Building and Occupant Protection
The 2003 Canberra bushfires were noted for very high levels of house loss deep into suburban areas. Fire jumping from house to house was a major issue.
Project leader Justin Leonard of CSIRO Sustainable Ecosystems set out to look at what aspects of house construction contributed to such losses. He also looked at the safety of wooden power poles – many of which caught fire and fell, blocking roads, in the Canberra fires – as well as the critical issue of surviving in a car if caught by fire on the road.
In an effort to understand the role of critical elements in and around the home, the research team conducted a series of experiments over several years. At the New South Wales Hot Fire Facility at Mogo, the team subjected typical home fences, decks, windows, water tanks and fences to flames typical of bushfires.
The tests found, for example, that metal fences survived the best. Hardwood fences, though they would burn, acted as a barrier to radiant heat, helping to protect a home. Softwood fences such as treated pine had the worst performance – as well as burning, the resulting ash, containing arsenic, was a potential health issue. Steel water tanks proved the most reliable, though their plastic liners needed replacing after a serious fire.
As a result of this research, several companies have developed highly modified steel water tanks and water delivery systems that are commercially available for use in bushfire areas.
“Ideally this research willalso help provide advice to property owners on the level of risk to their homes and businesses and help develop education programs for local communities,”said Leonard.
Fire agencies have long advised against being caught on the road in a bushfire, but there was little detailed research on how bushfires affect cars and how best to survive if you are in a car and confronted by a bushfire. In an experiment that placed seven common vehicles under the bushfire simulator, this research identified key issues that influenced survivability including the orientation of the car to the fire, the relative temperatures in different areas of the car, the adverse influence of an air conditioner or recirculating air systems, and the toxic chemicals produced inside a car subject to intense heat.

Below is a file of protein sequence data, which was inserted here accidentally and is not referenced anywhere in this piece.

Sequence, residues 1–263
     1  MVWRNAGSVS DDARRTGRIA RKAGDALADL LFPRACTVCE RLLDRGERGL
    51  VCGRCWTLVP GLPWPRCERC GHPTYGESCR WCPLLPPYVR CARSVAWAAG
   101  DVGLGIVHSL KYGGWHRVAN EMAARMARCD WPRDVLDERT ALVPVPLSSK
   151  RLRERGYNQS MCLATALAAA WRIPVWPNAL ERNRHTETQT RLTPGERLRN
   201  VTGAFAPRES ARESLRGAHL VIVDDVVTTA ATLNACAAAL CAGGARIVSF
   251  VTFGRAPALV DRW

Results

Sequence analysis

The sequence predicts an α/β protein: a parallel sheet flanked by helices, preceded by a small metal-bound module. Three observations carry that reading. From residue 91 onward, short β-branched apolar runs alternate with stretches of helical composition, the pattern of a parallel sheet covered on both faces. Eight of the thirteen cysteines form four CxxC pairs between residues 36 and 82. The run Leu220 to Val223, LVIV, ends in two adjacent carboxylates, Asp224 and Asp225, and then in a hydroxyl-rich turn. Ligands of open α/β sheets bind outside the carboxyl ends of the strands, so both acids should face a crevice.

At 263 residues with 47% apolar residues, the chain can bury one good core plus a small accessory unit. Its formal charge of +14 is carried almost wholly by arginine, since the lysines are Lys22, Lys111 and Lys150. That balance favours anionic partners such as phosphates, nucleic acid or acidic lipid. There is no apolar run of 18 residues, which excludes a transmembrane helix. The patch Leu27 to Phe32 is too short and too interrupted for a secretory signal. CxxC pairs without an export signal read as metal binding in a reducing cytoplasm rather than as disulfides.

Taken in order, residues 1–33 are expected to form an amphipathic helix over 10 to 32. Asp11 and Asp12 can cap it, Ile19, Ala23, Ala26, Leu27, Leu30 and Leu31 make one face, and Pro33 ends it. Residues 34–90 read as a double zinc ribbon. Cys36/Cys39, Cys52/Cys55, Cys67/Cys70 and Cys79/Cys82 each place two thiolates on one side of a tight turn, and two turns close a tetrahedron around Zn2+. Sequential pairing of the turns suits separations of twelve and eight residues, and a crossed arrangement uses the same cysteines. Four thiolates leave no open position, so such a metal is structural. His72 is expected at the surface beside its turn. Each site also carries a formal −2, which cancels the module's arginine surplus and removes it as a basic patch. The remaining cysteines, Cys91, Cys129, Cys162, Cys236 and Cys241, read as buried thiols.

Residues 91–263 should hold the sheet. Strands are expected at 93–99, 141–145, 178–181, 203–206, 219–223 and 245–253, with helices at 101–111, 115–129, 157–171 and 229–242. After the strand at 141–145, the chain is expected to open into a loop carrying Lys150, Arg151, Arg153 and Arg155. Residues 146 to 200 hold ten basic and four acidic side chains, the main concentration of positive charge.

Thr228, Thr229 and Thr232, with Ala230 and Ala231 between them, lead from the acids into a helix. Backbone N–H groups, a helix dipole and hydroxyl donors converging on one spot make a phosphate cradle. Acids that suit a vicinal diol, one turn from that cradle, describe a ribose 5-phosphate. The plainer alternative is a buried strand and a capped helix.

The project’s postgraduate student, Julian Black of RMIT University, worked on developing a Geographical Information System toolto allow for various residential scenarios, such as different types of windows, doors, or walls,to be developed and visualised, based on building and planning requirements. This tool could assist in developing building and planning regulations that enable residential areas to perform better under bushfire attack.
Overall, this project has led to significant national policy changes as well as the development of new products, especially windows, and has fed through in the update of Australian Standard 3959 – Construction of buildings in bushfire-prone areas.
After the 2009 bushfires in Victoria researchers from this project examined more than 1300 properties in the fire areas. They documented in detail the extent of damage to properties, made conclusions on why some houses burnt and others did not, and compared the merits of different types of construction materials. This examination combined with other Bushfire CRC work as evidence before the 2009 Victorian Bushfires Royal Commission.